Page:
He started a long monologue about how he was once married to a woman named “Shepard” and how his present wife brought him to Christ at the age of 33, and all the while he keeps nodding his head towards me and saying to my wife “This one knows what I’m talking about!”
Here we were, on Christmas morning in the desert, and this odd old character is throwing the word “Shepard” around along with the number 33. “Wasn’t Jesus a ‘Shepard’ to his flock and wasn’t he 33 when he was crucified and isn’t this day, his birthday?!” As I’m thinking of this, the old guy keeps telling my wife that I know what he means! And the weird thing is I do, kind of, know what he means! Not what he’s saying but what he means...
My cell phone rings. It’s our kids. They’re through with their ride. Without even knowing who’s on the other end of the phone our desert prophet says “Hang up, they’re fine!” I hung up. After the exhaustion of all we’d been through, it felt nice to be, well, led!
He finally stops talking, guns his engine and peels off only to stop a few yards away, turn back to me and say in a voice somewhere below a whisper and above mental telepathy that “God is watching you!” It wasn’t a threat, it was a reassurance.
There were more things like that. Coincidences? I no longer think so. But the biggest and most rewarding was the day I ran into Father Jonathan Morris.
Thirty-eight years ago I went to a psychic down in Nolita (North Of Little Italy) who pretty much predicted my entire career path...I wasn’t even a writer at the time. Out of the blue I had this idea to reconnect with him and, to my amazement, he remembered me right away. Our daughter had gotten a little better after her last treatment but was falling back again even though she was now strong enough to attend school. I thought I’d go visit Frank (my old psychic) just to check in and tell him how right he had been about all that’s happened to me and to ask if he saw a recovery for our daughter. Frank told me to bring her to him. A few days later we did. Walking up the steps to Frank’s townhouse, a car pulls up right in front of us and out steps Father Jonathan Morris. I recognized him from a picture in his book, “The Promise.” The book dealt with grief and I was getting a great deal of comfort from it. Suddenly the very same, kind, face was right before me.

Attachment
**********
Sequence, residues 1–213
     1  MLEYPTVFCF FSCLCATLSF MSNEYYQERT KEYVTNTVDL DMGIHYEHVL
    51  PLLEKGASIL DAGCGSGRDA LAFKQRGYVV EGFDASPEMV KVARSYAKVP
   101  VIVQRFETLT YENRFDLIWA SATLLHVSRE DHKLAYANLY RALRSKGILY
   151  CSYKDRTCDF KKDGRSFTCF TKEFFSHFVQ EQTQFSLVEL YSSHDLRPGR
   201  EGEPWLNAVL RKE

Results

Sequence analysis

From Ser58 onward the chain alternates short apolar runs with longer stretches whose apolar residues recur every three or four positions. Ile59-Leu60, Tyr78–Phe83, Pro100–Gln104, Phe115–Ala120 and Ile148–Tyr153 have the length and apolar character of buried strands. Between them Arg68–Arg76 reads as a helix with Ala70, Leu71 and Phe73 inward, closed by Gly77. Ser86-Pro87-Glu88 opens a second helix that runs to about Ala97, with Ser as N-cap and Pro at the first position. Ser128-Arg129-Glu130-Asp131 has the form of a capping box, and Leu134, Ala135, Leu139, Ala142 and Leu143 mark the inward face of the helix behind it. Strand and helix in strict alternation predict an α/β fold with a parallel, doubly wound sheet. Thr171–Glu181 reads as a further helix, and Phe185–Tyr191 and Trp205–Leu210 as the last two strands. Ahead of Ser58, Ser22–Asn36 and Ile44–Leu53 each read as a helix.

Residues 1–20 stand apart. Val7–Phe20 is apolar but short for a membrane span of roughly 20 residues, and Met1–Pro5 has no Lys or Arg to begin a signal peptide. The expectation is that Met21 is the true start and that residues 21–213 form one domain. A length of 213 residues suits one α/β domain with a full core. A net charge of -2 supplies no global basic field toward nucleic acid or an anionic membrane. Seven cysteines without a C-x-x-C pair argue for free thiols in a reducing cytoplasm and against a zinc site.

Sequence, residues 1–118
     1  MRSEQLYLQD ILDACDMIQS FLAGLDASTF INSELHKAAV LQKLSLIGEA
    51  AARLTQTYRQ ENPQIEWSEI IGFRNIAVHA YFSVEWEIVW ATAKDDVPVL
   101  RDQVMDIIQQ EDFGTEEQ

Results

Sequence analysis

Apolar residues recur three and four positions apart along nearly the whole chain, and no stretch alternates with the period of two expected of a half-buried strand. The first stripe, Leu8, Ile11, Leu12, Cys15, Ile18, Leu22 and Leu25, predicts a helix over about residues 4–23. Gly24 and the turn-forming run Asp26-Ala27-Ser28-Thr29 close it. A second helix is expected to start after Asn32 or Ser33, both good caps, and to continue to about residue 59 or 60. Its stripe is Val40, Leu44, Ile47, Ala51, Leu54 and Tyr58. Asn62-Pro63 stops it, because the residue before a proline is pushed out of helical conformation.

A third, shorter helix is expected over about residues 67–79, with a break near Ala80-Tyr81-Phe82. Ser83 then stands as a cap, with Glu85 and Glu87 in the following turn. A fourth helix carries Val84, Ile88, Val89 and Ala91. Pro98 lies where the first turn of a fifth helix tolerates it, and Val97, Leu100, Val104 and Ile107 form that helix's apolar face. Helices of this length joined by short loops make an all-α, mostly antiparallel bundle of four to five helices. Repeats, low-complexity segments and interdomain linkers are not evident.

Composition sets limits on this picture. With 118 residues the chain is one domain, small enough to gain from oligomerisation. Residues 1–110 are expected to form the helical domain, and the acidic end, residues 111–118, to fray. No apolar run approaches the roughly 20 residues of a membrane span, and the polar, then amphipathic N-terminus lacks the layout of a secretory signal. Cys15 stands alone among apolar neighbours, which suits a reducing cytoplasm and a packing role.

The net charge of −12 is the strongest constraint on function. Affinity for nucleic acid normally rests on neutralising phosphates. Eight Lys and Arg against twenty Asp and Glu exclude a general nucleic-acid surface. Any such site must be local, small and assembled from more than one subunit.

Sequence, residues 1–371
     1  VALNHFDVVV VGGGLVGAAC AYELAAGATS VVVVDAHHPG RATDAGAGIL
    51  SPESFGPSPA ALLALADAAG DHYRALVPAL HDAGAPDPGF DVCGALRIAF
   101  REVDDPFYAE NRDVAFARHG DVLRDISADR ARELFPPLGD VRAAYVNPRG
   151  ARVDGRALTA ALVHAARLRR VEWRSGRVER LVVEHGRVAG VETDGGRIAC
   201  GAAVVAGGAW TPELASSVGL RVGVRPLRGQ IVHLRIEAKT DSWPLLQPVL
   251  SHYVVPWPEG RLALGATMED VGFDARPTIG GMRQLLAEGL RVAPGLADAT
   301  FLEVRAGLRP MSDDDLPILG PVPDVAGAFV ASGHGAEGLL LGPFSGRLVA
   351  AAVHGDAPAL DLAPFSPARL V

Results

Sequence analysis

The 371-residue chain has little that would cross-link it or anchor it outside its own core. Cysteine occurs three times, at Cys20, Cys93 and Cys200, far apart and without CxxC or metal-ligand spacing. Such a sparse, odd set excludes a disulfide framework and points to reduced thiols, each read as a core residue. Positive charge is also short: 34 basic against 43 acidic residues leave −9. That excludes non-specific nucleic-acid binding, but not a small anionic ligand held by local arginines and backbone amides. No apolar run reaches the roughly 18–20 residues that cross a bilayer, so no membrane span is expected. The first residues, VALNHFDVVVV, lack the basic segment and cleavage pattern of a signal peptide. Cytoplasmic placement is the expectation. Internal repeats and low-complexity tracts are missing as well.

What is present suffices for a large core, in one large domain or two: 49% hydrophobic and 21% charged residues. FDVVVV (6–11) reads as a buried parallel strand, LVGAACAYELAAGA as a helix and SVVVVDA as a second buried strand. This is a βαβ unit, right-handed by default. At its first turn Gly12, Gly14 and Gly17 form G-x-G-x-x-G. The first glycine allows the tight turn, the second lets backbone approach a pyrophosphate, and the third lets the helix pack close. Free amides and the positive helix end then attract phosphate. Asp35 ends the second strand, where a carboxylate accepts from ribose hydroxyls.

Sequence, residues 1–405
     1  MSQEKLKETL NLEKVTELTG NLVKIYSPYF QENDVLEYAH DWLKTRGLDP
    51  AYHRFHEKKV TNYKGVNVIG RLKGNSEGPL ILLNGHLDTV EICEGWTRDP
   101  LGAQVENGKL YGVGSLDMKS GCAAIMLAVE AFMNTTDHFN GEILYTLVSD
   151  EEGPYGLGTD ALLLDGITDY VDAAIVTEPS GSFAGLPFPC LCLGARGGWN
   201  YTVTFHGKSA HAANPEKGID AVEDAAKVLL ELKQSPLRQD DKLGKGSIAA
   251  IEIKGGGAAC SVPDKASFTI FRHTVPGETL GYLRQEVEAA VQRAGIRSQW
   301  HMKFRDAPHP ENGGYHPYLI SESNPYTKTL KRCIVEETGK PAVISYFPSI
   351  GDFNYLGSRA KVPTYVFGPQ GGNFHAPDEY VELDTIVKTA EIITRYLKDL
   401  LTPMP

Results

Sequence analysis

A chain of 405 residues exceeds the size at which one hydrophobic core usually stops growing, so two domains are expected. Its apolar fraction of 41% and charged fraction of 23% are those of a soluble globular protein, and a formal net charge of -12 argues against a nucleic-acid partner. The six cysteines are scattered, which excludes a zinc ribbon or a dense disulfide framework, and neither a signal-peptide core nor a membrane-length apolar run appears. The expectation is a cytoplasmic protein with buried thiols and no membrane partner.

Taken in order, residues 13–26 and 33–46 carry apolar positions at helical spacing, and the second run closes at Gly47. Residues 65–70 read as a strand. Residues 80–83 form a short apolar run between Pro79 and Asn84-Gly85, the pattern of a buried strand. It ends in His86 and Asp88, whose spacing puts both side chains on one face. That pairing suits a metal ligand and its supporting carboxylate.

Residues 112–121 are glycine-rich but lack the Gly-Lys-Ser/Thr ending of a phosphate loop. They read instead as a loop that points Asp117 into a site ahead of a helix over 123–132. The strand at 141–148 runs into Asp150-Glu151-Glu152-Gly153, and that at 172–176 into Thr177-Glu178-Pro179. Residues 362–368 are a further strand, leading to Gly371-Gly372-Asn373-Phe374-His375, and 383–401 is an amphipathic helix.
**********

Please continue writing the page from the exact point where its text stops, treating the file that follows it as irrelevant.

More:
“Are you Father Morris?”
“Your book is on my bed stand.”
He had already started towards me. He had his hand out.
Why I said what I said next I will never know.
“ Father, do you think you might have a few minutes to talk to me sometime?”
I had seen and admired Father Morris many times on television but thought he lived in Rome. He smiled, holding on to my hand and said: “You can find me right here.” He turned and pointed to Old Saint Patrick’s Church. It was as if I hadn’t even seen the church until he pointed to it. He had just started as parochial vicar there...True to his word he found time for me and room for my family in his prayers. He even met with our daughter.
I don’t think there’s room now to describe all I found “right here” at Old Saint Pat’s. The minute Father Morris took my hand I knew I’d be a follower of Christ. Does my daughter still suffer? She does, we all still do, but now I feel the Lord’s grace. We are not alone.
Tom Leopold is one of the elect in the Archdiocese of New York. He has participated in the RCIA program there and will be baptized during the Easter Vigil. Special thanks to Kate Monaghan.